The heavy Chinese influences on Thai food are obvious in some of the stir-fried dishes. (There also are separate Chinese and Japanese sections of the menu.) Phad Poey Sien, or Eight Angels ($13.95), came off as bland in comparison to some of the other dishes, but it couldn't be faulted for the amount and quality of ingredients: shrimp, scallops, crab and something called pork mown. We never determined what this was, pork maw, or stomach, maybe. It turned out to be little, soft pieces of meat.

Strawberry chicken ($9.95) is an unusual and delicious variation on Chinese sweet-and-sour. Deep fried chicken, plus the usual carrots, tomatoes and pineapple, is transformed by the addition of fresh strawberries, which lend their fragrant flavor to the whole dish.

Indian cooking, the other big influence on Thai food, is obvious in several curry dishes. Roast duck curry ($9.95) is an unusual choice and one I highly recommend. Pieces of dark duck are combined with tiny round Thai eggplant, red curry paste and coconut milk for a robust dish.

Thai can do spicy, too, of course. The first time I ate at Arloi Dee, I had Shu Shee Shrimp ($10.95) and Crazy Noodles ($8.95). It was hard to tell which was hotter, after having numbed my tongue with a bite of chili pepper in my first bite of shrimp. And we'd ordered the shrimp at ''mild.'' Other dishes ordered hot were not nearly as spicy; it was hard to predict. But if you like tingling lips and your mouth afire, let them know.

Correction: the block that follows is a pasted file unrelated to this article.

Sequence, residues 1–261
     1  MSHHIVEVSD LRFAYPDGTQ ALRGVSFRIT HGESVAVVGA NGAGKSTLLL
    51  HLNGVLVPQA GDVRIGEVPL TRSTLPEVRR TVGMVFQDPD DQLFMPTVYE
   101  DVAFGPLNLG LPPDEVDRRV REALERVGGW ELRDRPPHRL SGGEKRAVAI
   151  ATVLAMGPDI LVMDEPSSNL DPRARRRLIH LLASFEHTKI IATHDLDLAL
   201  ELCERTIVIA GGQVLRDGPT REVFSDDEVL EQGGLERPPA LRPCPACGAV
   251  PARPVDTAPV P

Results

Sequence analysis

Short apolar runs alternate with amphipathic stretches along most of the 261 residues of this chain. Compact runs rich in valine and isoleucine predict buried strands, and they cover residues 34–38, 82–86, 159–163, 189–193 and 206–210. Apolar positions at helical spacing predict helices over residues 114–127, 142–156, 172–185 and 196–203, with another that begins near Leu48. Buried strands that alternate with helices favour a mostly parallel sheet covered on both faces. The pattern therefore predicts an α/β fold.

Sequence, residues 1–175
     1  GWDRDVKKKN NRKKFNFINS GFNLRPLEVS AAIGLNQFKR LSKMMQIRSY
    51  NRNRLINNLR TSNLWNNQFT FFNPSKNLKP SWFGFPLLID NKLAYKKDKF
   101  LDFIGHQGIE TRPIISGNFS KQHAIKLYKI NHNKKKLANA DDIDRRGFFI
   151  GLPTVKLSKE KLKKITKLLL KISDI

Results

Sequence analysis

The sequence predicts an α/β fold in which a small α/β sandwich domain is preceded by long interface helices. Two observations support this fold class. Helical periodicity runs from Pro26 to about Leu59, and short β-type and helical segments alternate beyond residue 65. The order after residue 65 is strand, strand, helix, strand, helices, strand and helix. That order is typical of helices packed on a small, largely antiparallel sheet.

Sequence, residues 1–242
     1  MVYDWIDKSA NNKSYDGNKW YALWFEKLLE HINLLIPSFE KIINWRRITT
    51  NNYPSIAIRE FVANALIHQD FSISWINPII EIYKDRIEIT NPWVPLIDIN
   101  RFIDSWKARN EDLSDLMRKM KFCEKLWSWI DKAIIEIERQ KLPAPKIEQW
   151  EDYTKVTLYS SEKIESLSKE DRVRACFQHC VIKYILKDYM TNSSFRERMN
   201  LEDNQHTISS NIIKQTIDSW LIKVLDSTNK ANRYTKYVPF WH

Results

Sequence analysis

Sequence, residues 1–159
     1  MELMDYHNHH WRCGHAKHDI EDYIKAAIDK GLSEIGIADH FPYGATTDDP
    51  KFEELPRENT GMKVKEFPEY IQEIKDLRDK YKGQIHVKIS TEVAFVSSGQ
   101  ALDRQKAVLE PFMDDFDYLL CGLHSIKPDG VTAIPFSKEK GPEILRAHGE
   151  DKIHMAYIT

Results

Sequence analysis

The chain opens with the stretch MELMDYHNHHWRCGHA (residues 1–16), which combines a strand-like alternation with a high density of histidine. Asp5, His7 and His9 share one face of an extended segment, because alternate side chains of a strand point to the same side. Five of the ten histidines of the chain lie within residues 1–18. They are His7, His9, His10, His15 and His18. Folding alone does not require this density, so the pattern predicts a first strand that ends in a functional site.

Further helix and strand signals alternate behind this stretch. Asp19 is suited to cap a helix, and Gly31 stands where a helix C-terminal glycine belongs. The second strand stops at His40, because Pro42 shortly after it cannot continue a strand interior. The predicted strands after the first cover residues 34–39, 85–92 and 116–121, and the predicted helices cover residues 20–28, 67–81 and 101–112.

One night, we experienced late food and mixed-up orders. Our waiter was apologetic, obviously aware that things weren't going well, and my guess is that this problem isn't going to continue. The only other service problem is that some of the waiters have rather shaky English, but that doesn't bother me. When you're off on a culinary adventure, you can't always expect the guides to speak your language.

Reviews are done anonymously at Enquirer expense. Ratings take into consideration quality of food, service, presentation and atmosphere, balanced against price.

- Arloi Dee

***

Food: Excellent.

Service: Fair.

Atmosphere: Good.

Value: Good.

What: Adventurous Thai restaurant.

Where: 18 E. Seventh St., downtown.

When: Lunch 11 a.m.-3 p.m. Monday-Saturday; dinner 3-10 p.m. Monday-Thursday and 3-11 p.m., Friday-Saturday. Starting in March, 4-10 p.m. Sunday.

Recommended dishes: spicy chicken coconut milk soup, eggplant Thai-style, steamed whole fish, Shu Shee Shrimp, roast duck curry, strawberry chicken.

Vegetarian choices: Vegetable curries and stir-fries on menu.

Prices: Appetizers $1.50-$6.95; entrees $6.95-$13.95, but up to $30 for Hot Pot or whole fish, $40 for Shark Fin Soup.

Noise Level: An extremely quiet 64-68 decibels on Saturday night; a moderate 72 on a pre-theater Saturday. (Most restaurants range from 60 decibels, a dignified calm, to 90 decibels, a din).

Reservations: Taken.

Miscellaneous: No-smoking section, high chairs and booster chairs, bar and lounge, carryout available. Not wheelchair-accessible (step up from street, narrow front door).

Paying for it: American Express, MasterCard, VISA, Diner's, Discover.

Phone: 421-1304.